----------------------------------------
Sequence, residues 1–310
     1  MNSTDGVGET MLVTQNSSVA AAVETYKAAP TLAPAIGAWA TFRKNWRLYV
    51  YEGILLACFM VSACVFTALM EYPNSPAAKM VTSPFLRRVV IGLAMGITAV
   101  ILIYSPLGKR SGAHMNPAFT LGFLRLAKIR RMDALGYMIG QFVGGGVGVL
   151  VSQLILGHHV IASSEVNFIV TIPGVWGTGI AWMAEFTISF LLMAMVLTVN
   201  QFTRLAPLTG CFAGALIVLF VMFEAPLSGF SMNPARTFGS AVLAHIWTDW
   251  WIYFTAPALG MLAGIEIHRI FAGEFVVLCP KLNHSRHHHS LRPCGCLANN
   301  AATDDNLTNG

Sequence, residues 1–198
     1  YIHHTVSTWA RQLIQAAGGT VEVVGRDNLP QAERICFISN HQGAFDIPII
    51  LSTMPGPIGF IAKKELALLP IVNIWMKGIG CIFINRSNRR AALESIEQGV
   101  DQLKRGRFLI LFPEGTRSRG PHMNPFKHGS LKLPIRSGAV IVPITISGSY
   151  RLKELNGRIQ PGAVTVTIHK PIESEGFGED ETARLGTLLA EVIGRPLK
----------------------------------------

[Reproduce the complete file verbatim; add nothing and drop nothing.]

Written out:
Sequence, residues 1–310
     1  MNSTDGVGET MLVTQNSSVA AAVETYKAAP TLAPAIGAWA TFRKNWRLYV
    51  YEGILLACFM VSACVFTALM EYPNSPAAKM VTSPFLRRVV IGLAMGITAV
   101  ILIYSPLGKR SGAHMNPAFT LGFLRLAKIR RMDALGYMIG QFVGGGVGVL
   151  VSQLILGHHV IASSEVNFIV TIPGVWGTGI AWMAEFTISF LLMAMVLTVN
   201  QFTRLAPLTG CFAGALIVLF VMFEAPLSGF SMNPARTFGS AVLAHIWTDW
   251  WIYFTAPALG MLAGIEIHRI FAGEFVVLCP KLNHSRHHHS LRPCGCLANN
   301  AATDDNLTNG

Sequence, residues 1–198
     1  YIHHTVSTWA RQLIQAAGGT VEVVGRDNLP QAERICFISN HQGAFDIPII
    51  LSTMPGPIGF IAKKELALLP IVNIWMKGIG CIFINRSNRR AALESIEQGV
   101  DQLKRGRFLI LFPEGTRSRG PHMNPFKHGS LKLPIRSGAV IVPITISGSY
   151  RLKELNGRIQ PGAVTVTIHK PIESEGFGED ETARLGTLLA EVIGRPLK